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9th Vermont Infantry

Harper's Ferry

Memories of the Ninth Vermont at the
Tragedy of Harper's Ferry, Sept. 15, 1862.


powder. Even at that late hour D'Utassy was sure he could retake the Heights. All this time the roar o four batteries was incessant, but with a conspicuously ineffective fire and great waste of ammunition. Rigby in his evidence said that he arrived with six twenty-four pound howitzers with one hundred rounds to a gun, and at the moment of surrender he had but little canister left. Potts said he drew one thousand rounds and fired all but a few rounds of this canister.

On Saturday forenoon General Walker with his division appeared far above our heads on the crest of Loudon Heights. We tried to feel no apprehension from him, and to hope and believe he could get no guns there, but it was hard work to make light of it. Saturday afternoon A. P. Hill's division pressed us more closely on our left, and the 9th Vermont, with the 3d Maryland, was sent out to resist this advance. We held the line in the woods with some little fighting until about 9 o'clock in inky darkness. My Company B, on the extreme left flank, was deployed down the side of the bluff overhanging the river and railroad. As I was in a measure isolated in the darkness, the company connecting my right to the main line had orders to keep up a careful contact with me. After a while the firing seemed to drop back, as though our line had given way, and I heard great confusion. Creeping carefully up I found myself among the advancing rebels and our line gone. I slipped back, whispered to my men to slide silently down the slope. This was safely done, and we made our way back, by the river bank, to the new line after we were supposed to have been captured. Of this affair Jackson, in his report, says:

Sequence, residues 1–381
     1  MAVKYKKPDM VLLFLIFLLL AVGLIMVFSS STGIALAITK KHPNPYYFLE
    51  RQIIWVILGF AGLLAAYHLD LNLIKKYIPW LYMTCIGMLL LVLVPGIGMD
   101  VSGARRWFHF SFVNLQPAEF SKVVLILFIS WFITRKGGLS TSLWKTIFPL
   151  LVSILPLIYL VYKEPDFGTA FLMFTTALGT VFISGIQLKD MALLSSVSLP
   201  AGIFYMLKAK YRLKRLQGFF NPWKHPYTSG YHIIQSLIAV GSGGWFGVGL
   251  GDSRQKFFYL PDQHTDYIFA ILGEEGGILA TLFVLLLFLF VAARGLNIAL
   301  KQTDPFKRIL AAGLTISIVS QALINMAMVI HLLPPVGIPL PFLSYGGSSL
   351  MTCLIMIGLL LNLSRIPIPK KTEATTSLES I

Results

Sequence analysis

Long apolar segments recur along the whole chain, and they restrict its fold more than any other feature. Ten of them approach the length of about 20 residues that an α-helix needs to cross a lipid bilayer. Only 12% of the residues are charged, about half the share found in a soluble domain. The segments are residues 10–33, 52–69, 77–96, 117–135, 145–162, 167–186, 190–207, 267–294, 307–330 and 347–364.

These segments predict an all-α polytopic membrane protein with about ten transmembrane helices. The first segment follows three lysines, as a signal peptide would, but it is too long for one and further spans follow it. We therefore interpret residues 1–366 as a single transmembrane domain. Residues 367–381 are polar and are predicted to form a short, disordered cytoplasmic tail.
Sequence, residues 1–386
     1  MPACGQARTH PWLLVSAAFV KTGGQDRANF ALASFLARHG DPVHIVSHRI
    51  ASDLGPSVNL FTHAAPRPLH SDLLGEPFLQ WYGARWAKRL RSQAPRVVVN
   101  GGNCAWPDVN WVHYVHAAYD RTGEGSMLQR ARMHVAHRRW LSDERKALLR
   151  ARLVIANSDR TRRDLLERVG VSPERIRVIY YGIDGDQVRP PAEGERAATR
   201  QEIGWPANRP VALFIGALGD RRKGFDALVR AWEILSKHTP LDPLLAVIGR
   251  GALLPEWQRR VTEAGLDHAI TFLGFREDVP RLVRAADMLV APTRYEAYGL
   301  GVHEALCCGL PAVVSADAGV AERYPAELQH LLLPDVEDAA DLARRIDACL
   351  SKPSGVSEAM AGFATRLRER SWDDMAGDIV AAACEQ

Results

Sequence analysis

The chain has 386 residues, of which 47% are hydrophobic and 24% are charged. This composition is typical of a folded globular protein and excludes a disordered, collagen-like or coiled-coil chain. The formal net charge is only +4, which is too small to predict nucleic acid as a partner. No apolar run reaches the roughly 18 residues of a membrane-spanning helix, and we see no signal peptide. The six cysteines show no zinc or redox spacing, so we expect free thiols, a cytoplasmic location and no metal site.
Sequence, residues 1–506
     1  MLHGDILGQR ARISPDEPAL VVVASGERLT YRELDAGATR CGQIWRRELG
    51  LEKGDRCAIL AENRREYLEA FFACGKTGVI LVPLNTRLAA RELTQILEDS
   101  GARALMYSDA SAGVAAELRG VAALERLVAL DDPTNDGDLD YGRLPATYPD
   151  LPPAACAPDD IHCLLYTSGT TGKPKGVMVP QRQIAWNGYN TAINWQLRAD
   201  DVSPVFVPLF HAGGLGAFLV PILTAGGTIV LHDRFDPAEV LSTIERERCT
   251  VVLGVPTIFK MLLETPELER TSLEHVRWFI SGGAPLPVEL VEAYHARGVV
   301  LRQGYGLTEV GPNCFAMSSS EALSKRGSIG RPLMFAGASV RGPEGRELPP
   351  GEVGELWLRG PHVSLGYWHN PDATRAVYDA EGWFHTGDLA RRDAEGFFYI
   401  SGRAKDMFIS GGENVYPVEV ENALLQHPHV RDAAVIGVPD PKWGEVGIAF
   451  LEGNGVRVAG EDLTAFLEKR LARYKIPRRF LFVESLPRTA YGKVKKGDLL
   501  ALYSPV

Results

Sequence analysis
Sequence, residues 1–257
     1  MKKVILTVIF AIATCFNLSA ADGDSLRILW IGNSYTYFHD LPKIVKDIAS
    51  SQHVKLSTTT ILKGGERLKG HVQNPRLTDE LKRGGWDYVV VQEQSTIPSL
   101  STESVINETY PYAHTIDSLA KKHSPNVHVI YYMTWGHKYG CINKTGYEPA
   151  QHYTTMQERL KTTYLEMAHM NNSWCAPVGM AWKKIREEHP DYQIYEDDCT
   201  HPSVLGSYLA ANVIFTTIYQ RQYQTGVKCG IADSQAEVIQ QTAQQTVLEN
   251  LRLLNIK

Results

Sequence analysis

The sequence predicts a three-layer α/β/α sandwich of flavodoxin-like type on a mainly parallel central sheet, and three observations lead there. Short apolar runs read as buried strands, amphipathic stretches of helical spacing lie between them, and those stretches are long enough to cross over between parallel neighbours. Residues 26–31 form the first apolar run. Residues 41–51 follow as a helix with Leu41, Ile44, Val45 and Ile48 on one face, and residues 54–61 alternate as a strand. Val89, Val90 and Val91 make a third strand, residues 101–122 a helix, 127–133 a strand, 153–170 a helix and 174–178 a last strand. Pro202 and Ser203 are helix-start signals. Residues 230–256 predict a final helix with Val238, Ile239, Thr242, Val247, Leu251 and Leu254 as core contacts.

"The execution of the movement to gain the Union left and rear was entrusted to Pender's, Archer's, and Brockenborough's brigades. During Sunday night Lieutenant-Colonel Walker, Chief of Artillery, brought up the batteries of Pegram, McIntosh, Davidson, Broxton, and Crenshaw and established them in the position thus gained and daybreak found them in the rear of the enemy's line of defence. During the night also Colonel Crutchfield, my Chief of Artillery, crossed ten guns of Ewell's

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